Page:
Installing Kali

Download and Copy Image to SD Card

First, check out the Kali Linux - Raspberry Pi page. You should find a link to a downloads page containing a recent image for the Raspberry Pi A/B+ or the Pi 2 - grab the one that's appropriate for your hardware. I went with kali-1.1.0-rpi2.img.xz.

As of this writing, the v1.0.9 image for the Raspberry Pi A/B+ TFT may work out of the box on a Model B+ with a PiTFT, and might even supply all the drivers and configuration you need for the PiTFT display. It will not boot on a Pi 2, which is why we're going to do it the 'long' way

The rest of the Kali installation instructions are quite good - you could probably just follow them and come back here.

On my Ubuntu laptop, I decompressed the image with:

Download: file
xz --decompress kali-1.1.0-rpi2.img.xz

And used the following dd invocation to copy the image to an SD card in my USB card reader:

Download: file
sudo dd if=kali-1.1.0-rpi2.img of=/dev/sdc

Get a Terminal on Your New Kali Box

If you're using an HDMI monitor and keyboard, you should see a login prompt after the Pi finishes booting, looking something like this:

By default, the user is root and the password is toor.

Alternatively, you can make sure the Pi is connected to the network, and use an SSH client from another machine. That's the approach I'm taking:

I know that my Pi is at 192.168.1.4 because I configured my router to always assign that IP address to its ethernet interface's MAC. If you don't know yours for sure, you can take a couple of approaches. The simplest is probably to log in from a console and type ifconfig:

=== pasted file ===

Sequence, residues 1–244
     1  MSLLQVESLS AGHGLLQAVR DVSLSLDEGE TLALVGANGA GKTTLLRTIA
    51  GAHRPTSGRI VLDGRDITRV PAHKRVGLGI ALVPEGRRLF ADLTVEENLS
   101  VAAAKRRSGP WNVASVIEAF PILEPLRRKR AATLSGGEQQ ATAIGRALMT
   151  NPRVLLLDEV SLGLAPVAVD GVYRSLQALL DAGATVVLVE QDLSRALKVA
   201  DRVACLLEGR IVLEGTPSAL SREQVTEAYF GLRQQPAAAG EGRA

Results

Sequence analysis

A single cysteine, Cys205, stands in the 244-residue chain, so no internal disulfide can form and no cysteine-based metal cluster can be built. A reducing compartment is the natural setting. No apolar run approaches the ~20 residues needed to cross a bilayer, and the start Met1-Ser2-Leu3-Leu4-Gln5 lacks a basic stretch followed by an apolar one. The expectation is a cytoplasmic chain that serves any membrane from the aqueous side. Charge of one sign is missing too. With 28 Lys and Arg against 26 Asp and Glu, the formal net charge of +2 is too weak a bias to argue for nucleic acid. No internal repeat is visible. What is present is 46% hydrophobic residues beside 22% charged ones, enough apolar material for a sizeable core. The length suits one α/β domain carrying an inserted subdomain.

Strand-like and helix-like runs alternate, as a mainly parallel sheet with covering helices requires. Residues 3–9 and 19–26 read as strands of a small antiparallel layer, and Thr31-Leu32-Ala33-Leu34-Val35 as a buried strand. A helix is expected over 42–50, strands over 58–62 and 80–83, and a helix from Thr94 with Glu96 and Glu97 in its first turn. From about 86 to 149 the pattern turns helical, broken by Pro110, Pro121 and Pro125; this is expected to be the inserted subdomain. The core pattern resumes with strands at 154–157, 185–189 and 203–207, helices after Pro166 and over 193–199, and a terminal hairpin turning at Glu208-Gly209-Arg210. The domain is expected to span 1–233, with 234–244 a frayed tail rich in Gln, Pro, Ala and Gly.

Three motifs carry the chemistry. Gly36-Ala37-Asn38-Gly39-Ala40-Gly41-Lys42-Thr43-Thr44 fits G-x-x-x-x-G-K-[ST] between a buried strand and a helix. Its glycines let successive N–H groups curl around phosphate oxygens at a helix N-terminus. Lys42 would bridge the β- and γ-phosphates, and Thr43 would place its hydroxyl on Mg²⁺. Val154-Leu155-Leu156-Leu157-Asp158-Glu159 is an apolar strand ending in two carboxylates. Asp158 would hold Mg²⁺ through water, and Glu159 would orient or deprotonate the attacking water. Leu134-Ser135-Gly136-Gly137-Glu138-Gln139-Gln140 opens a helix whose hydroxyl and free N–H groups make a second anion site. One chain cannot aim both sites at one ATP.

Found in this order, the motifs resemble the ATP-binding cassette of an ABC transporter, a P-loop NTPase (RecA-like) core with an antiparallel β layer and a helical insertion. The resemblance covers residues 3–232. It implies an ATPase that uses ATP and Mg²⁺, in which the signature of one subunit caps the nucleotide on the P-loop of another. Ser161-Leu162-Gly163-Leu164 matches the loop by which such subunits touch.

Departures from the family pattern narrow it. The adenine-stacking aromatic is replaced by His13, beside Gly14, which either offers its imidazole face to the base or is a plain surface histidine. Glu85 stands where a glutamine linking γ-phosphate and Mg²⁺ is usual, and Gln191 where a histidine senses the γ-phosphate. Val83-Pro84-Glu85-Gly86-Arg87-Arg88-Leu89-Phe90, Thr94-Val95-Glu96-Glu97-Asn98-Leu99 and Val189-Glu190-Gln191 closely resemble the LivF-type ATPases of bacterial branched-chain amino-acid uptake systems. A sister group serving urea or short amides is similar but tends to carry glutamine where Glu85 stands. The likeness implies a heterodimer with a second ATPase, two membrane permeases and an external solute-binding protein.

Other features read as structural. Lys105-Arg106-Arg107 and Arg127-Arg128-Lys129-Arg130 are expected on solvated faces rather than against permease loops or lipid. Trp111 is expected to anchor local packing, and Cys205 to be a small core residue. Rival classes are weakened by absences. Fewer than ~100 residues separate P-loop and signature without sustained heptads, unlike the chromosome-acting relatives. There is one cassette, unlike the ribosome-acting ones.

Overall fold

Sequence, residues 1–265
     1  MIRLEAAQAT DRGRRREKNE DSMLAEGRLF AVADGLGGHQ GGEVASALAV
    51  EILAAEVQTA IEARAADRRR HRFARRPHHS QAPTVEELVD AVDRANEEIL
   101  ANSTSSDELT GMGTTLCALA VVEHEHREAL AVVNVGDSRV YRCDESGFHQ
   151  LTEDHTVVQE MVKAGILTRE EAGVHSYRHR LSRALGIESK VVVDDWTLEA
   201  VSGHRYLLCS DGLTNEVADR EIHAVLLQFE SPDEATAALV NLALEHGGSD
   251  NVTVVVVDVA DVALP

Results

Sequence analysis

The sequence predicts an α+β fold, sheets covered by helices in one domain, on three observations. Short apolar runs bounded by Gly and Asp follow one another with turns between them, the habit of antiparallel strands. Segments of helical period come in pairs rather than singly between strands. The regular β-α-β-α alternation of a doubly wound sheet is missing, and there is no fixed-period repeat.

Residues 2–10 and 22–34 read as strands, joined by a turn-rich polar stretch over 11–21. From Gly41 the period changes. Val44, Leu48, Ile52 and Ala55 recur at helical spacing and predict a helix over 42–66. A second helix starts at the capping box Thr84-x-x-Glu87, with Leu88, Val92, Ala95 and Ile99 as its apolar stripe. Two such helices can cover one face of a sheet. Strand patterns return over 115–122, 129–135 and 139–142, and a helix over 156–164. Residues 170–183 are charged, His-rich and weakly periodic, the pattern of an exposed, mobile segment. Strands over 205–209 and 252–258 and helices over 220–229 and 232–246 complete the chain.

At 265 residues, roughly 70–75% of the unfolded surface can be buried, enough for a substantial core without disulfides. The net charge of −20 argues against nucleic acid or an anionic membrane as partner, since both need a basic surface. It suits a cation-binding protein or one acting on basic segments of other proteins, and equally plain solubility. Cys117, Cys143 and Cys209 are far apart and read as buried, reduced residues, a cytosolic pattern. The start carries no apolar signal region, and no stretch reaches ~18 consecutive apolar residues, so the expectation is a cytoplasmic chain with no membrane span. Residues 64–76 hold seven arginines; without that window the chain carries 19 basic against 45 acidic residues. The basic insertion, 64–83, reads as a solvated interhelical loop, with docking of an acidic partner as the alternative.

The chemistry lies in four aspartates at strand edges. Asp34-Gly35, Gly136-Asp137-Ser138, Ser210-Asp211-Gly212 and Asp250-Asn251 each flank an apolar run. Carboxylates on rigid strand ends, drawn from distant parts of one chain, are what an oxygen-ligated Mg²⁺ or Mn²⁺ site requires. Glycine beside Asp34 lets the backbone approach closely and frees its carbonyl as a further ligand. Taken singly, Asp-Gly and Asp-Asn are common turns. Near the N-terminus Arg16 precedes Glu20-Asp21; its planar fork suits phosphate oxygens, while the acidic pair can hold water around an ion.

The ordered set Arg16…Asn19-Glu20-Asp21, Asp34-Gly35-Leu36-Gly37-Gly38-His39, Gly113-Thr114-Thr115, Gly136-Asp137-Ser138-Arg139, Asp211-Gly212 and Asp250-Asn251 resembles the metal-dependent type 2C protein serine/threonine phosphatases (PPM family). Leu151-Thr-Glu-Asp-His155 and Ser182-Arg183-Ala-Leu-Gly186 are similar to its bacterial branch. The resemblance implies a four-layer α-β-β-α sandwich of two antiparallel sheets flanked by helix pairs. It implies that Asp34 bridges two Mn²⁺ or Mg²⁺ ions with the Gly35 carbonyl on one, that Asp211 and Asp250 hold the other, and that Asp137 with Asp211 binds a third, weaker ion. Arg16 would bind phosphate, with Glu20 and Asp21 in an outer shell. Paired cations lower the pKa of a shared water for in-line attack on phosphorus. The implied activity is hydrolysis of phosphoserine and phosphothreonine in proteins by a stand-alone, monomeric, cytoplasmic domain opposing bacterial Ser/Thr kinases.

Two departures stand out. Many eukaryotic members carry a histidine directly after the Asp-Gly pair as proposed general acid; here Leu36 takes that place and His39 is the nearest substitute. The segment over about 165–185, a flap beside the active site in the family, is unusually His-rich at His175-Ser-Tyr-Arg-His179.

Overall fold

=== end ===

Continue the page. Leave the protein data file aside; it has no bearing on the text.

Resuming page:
Just look for the eth0 line containing a string like inet addr:192.168.1.4.

If that's not an option and you have access to a machine with Nmap installed, you can instead try doing a ping sweep of your network with a command like nmap -sn 192.168.1.1-254 :

You could also use the Adafruit Pi Finder from a Windows, Mac, or Linux desktop to locate the Pi and get a terminal.

Basic Post-Installation Setup

Once logged in, you should do a bit of simple housekeeping on the new installation.

Since it's not very safe to leave the default password on a machine, start by setting a new password for the root user with the passwd command:

Once that's done, reconfigure the OpenSSH server to generate new host keys with dpkg-reconfigure openssh-server:

That should be it! Now we can move on to setting up the PiTFT.

This guide was first published on Apr 21, 2015. It was last updated on Apr 21, 2015. This page (Installing Kali) was last updated on Jan 26, 2020.